Thorpe and Butler Police Chief David Wentlandt say the department has a great relationship with the community and people are happy with the services their tax dollars pay for. But that wasn’t always the case.
In the mid 2010s, the Butler Police Department and its culture created a number of scandals.
The former police chief resigned after an investigation by the Waukesha County Sheriff’s Office. That investigation found the chief used racist and sexist language with officers and that a number of officers — including the chief — watched porn on their work computers.
The sheriff’s office report called the department a “frat house.”
The village was forced to pay a $605,000 settlement because an officer was accused of beating up a man with disabilities during a traffic stop, court records show. Another officer was found having not completed or messed up nearly 150 police reports.
After these scandals, Wentlandt says the village’s residents considered disbanding the police department and contracting with the sheriff’s office for law enforcement services. But ultimately decided that they wanted their own police.
He says people wanted a police department that knew the names of the people in the community.
Thorpe says the village asked itself a lot of difficult questions and ultimately decided it could retain the department while fixing its culture.
“We had conversations with the community about what happened, how do we fix the issue and make sure it doesn’t happen again?” she says. “What are the expectations our community has for our police department and government as a whole?
Amid calls to defund police departments, Thorpe says she doesn’t think that will happen in Butler.
“I think if you were to ask residents, they’re very happy to have a Butler Police Department,” she says. “They value having that local department where they know the officers on a first name basis. While we’re very sympathetic to social injustices that are happening and understand the push in major cities to reinvest into community programs, I don’t think that’s going to happen here. We treat people with dignity. If that was different I’m sure we’d be having a much different conversation.”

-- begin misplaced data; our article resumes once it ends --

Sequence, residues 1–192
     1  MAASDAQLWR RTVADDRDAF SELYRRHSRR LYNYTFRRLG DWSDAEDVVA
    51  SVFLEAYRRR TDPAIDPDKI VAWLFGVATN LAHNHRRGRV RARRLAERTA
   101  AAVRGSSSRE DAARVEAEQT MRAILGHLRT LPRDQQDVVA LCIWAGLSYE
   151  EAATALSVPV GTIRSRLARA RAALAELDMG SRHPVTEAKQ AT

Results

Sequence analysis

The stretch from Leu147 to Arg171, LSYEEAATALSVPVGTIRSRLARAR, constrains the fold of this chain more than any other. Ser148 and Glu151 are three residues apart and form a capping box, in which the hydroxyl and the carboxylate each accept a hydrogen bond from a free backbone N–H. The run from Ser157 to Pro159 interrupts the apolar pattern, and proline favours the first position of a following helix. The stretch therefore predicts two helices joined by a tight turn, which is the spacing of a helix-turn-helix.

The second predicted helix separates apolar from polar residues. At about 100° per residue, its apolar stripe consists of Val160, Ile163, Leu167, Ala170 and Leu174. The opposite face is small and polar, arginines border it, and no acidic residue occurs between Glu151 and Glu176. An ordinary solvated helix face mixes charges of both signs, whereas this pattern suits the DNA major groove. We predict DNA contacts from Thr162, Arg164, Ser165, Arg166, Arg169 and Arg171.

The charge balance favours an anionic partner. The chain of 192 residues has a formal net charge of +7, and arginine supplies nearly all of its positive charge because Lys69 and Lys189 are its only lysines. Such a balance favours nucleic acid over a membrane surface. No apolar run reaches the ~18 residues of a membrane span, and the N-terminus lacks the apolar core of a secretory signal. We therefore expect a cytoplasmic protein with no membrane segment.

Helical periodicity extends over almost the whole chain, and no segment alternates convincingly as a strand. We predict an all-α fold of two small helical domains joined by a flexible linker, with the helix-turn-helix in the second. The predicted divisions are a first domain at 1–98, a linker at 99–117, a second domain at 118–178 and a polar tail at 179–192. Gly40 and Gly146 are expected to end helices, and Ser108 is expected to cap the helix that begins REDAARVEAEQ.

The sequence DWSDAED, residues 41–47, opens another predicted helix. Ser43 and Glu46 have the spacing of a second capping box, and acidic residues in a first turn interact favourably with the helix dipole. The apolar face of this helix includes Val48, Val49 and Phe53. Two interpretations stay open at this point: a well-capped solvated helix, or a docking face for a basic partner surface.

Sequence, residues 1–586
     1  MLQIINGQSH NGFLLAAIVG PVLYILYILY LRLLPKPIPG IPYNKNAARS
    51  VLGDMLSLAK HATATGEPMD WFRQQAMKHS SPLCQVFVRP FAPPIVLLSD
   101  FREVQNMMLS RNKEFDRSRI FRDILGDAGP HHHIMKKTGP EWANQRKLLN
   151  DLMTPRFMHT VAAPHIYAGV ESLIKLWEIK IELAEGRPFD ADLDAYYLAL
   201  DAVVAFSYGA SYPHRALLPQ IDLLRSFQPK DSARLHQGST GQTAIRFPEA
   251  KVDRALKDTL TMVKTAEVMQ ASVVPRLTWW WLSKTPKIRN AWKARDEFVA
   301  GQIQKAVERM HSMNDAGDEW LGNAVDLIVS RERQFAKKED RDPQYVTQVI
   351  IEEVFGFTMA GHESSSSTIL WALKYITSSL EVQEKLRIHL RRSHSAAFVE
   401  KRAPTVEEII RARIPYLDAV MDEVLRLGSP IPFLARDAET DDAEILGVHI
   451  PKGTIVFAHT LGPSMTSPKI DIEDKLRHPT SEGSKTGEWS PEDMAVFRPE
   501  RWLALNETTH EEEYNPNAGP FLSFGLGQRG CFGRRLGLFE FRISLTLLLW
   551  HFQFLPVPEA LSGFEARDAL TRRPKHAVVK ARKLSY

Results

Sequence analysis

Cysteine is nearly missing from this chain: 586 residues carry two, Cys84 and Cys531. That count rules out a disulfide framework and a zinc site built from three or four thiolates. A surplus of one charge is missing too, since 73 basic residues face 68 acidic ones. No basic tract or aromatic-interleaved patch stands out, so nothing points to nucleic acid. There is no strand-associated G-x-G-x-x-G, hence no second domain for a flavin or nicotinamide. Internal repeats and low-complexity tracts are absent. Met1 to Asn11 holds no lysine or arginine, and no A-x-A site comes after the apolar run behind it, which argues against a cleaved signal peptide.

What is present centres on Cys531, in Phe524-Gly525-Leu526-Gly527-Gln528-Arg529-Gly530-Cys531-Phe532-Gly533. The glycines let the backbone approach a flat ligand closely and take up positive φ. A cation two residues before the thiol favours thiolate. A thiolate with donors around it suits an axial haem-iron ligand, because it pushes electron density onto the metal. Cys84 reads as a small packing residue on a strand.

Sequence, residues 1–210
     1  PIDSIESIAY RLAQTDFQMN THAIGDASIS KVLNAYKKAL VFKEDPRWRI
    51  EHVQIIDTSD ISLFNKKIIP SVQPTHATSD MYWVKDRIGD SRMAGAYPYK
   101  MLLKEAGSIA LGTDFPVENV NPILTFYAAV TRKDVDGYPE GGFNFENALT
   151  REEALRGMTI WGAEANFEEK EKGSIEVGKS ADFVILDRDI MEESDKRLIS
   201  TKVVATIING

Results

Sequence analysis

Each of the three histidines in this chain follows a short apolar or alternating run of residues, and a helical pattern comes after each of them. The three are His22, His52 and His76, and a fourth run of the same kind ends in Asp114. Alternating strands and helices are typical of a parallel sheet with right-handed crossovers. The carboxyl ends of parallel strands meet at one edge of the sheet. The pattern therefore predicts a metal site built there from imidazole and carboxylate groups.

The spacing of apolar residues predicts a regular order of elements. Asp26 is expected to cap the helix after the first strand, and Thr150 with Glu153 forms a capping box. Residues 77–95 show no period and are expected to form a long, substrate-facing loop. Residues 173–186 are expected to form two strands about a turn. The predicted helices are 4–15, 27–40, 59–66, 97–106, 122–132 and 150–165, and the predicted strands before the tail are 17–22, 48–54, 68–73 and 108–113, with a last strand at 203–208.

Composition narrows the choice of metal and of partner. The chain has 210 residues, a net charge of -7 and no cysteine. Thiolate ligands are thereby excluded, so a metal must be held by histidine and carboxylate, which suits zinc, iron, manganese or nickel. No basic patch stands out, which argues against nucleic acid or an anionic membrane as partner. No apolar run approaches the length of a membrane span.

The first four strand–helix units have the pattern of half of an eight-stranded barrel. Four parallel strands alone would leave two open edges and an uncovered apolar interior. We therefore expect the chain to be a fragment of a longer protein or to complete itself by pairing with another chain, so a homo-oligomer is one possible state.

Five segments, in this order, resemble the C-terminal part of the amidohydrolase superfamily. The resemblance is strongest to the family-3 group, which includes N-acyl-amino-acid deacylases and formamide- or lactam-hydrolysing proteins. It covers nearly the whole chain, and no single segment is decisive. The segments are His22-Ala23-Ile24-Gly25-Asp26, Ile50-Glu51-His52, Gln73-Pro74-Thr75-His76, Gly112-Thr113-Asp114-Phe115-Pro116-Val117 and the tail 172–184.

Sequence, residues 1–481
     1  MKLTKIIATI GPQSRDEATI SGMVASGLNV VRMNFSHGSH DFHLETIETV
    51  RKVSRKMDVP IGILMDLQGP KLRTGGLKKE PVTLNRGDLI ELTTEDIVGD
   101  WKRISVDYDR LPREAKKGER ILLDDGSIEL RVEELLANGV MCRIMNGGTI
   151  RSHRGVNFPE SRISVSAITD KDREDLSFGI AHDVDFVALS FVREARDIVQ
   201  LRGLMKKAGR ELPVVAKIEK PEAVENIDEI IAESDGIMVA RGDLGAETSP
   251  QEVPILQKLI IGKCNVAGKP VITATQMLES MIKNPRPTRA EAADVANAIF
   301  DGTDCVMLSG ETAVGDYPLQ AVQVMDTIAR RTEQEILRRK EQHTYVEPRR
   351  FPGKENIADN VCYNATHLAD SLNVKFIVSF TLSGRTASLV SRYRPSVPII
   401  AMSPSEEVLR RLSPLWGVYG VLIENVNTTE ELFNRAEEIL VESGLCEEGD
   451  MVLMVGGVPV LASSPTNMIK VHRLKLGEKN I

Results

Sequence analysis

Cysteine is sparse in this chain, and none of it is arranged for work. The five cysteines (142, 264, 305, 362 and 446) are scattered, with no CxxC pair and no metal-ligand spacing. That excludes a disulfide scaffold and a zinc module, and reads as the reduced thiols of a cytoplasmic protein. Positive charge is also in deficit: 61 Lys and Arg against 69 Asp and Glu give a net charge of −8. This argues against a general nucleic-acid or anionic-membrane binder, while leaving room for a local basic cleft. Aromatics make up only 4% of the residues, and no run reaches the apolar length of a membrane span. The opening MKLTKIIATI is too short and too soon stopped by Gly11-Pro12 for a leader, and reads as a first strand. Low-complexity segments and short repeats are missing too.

Wentlandt says that when it comes to actually operating the police department and providing the services to residents, his budget is very small. After paying salaries and benefits he’s left with a little more than $69,000.
Of that remaining money, he says a large portion of it goes to training his officers at least 40 more hours per year than the state required minimum. He also says he believes the concerted effort to fix the department’s culture has been noticed by the community.
“I’m not embarrassed by where our budget is by any stretch of the imagination because I think it’s easily justifiable by what we do,” Wentlandt says. “I don’t think anything is way out of the realm in what we do. Salaries aren’t exorbitant, we don’t have fluff built into the budget, it’s bare bones.”
Wentlandt also doesn’t believe the community will request a major change to how the city handles public safety, but that his role is to protect and serve the people so if that’s what they wanted he’d work to make it happen.
“I would be surprised if there would be a large contingent of residents who would say they want to reduce the budget for the police department,” he says. “We have demonstrated year over year, the value we’re providing. Public safety is the number one drain on a budget. I would be surprised if people said we need to defund the police department or reduce the budget by X percent because of the value we’ve provided. But if that’s the will of the people, we work for them. We’d have to find out a way to make that happen.”
Wentlandt says he hasn’t gotten any calls or emails about the police budget and nobody has brought it up when he’s out on patrol — because the department is so small the chief needs to be on the street.
But even though he hasn’t gotten any comments, the village’s residents are often participating in the full budget process. Thorpe says she thinks people are largely happy with the services the village provides. However in the last four years there has been just one comment at the village’s public hearing on the budget, according to village meeting minutes.
Brown says that if a community wants to have a role in its local government, it needs to be involved in the budget process.
“It’s just worth people being engaged and understanding these processes,” he says. “Village of Butler [has] just under 2,000 people, general fund spending is at $2.25 million, it’s not an insignificant amount of money.”